Fast Radio Bursts (FRBs) are one of the most fascinating astronomical mysteries. In a matter of a few milliseconds, powerful bursts of radio waves wash over us from deep space. Only discovered in the last decade, there is still so much we don't know about them. But we may have just been given the chance to study one in relatively close detail, as it looks like the first one emanating from within our galaxy has just been discovered.
Members of the CHIME collaboration, responsible for the detection of many other FRBs, have reported the observations of a radio signal on April 28, 2020, coming from the direction of an object in our own galaxy. This would be the first confirmation of an FRB coming from within the Milky Way.
The alleged source of this object is a known galactic magnetar, SGR 1935+2154, located 30,000 light-years from us. A magnetar is a neutron star with an incredible magnetic field, a characteristic considered crucial in the production of the FRBs, as in the case on the event FRB 121102, the first one we traced back to where it came from.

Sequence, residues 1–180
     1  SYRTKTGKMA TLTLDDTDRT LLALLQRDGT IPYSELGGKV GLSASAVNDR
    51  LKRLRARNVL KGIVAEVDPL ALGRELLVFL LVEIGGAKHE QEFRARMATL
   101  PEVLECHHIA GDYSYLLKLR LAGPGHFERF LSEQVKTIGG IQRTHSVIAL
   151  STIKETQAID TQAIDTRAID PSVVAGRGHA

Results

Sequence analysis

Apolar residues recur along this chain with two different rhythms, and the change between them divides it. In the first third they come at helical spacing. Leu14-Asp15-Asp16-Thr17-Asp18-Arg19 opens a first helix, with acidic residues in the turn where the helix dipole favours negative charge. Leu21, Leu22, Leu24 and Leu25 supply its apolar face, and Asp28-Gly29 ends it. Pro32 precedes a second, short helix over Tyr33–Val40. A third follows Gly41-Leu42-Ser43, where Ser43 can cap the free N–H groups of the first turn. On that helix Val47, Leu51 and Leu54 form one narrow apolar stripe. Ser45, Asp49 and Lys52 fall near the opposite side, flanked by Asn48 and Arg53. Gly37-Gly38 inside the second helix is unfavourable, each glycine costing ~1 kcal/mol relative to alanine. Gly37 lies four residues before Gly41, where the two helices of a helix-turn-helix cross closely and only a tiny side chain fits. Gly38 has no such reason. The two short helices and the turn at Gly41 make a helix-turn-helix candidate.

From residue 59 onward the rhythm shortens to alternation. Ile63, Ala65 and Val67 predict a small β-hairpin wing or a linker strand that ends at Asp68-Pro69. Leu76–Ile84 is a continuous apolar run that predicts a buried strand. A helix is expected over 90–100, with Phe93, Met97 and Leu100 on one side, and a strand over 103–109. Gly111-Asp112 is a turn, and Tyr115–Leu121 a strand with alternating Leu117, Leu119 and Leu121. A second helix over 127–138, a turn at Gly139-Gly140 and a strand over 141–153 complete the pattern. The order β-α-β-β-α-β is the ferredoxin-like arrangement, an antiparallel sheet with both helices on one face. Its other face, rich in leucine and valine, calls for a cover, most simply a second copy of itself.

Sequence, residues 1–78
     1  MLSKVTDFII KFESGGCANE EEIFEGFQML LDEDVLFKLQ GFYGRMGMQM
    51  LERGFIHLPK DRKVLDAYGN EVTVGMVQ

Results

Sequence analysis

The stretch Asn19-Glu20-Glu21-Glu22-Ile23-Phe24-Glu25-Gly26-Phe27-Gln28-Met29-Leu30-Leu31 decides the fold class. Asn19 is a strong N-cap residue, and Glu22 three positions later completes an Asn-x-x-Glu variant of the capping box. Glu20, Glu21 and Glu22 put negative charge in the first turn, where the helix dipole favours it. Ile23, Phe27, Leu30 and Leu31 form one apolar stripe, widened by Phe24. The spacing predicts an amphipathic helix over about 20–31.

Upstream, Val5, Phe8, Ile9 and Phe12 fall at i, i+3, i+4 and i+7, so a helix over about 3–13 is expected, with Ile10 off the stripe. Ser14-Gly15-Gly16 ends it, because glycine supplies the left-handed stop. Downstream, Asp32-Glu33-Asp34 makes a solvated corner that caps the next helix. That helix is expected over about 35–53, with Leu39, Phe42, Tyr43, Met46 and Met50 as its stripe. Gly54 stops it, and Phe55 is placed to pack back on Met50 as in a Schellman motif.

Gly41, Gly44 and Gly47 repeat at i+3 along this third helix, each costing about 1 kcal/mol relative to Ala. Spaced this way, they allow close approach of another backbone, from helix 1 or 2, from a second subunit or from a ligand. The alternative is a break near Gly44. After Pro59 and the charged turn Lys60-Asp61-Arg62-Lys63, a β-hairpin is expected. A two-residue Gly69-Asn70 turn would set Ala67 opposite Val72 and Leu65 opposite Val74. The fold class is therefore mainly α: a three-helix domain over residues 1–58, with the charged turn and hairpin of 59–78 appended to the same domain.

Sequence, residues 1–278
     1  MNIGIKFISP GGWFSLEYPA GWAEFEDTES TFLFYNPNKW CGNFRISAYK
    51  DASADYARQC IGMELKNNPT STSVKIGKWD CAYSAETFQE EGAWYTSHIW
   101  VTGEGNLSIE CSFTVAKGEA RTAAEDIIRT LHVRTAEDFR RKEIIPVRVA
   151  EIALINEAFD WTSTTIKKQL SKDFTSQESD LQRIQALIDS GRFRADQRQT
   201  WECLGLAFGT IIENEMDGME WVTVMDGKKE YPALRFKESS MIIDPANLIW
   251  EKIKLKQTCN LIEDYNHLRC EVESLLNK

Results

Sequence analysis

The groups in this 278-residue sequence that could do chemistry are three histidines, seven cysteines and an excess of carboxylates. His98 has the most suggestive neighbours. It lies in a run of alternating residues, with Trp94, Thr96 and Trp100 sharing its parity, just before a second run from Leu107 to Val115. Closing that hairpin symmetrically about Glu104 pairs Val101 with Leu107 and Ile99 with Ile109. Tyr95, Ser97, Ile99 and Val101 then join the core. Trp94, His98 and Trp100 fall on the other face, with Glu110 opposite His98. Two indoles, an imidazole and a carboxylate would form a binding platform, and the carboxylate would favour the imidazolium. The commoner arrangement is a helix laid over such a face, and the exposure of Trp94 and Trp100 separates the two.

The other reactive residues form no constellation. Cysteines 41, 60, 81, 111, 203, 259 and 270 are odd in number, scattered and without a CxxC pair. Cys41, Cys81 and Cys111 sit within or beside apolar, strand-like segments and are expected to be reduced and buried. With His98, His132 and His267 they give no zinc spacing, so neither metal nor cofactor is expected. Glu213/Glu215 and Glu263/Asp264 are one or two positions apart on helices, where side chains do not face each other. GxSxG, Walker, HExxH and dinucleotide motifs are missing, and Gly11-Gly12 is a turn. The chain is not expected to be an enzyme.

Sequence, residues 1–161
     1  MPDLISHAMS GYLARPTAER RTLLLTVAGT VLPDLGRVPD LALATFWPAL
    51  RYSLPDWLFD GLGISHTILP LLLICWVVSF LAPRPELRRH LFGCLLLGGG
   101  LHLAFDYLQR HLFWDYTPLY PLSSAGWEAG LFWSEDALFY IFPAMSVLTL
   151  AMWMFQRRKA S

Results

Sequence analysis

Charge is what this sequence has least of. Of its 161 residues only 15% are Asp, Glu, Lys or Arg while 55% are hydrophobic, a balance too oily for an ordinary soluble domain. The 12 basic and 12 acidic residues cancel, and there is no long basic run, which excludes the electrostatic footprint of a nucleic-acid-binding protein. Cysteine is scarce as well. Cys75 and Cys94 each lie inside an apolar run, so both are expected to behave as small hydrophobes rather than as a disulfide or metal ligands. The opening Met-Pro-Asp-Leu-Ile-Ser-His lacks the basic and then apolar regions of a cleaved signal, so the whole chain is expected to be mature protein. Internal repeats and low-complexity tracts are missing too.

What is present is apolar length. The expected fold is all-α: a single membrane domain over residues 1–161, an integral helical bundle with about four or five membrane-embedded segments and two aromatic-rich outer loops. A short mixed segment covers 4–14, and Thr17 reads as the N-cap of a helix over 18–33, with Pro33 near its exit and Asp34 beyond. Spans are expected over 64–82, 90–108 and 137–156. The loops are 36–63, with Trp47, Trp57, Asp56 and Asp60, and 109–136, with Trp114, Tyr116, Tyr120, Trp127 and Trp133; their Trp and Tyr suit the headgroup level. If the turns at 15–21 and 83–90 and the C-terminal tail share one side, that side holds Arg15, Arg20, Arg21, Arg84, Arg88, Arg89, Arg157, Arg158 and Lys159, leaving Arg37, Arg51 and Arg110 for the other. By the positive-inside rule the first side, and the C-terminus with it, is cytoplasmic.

The team announced the detection on The Astronomer’s Telegram, and it was quickly followed up by many different observatories around the world, who also detected it. The STARE2 radio feed confirmed the detection of the FRB in their own report also on The Astronomer’s Telegram.
Interestingly, the second team made a comparison with FRB 180916, the closest observed FRB yet at about 486 million light-years. Assuming that this new signal is truly coming from the Milky Way’s magnetar then if we were to move 486 million light-years away we should still be able to detect it. This suggests that extragalactic magnetars could be a source of FRBs.
But it was not just radio waves that were observed. A related X-ray flare from SGR 1935+2154 was detected by several telescopes, and the magnetar was undergoing a phase of enhanced X-ray brightness, strengthening the link between the two events. The event has also been documented by the IceCube neutrino observatory and the Very Large Array.
The finding and the flurry of observations from all over the world are certainly exciting, but it is yet to be confirmed. Hopefully, we’ll know more about this event and its possible source soon.
It's unclear what powers FRBs. Both magnetars and supernovae have been suggested as culprits. It's also possible that not all FRBs are the same, as astronomers have detected both one-off bursts as well as FRBs with repeating signals. This detection might go a long way in helping us to understand their true nature.
[H/T: New Scientist]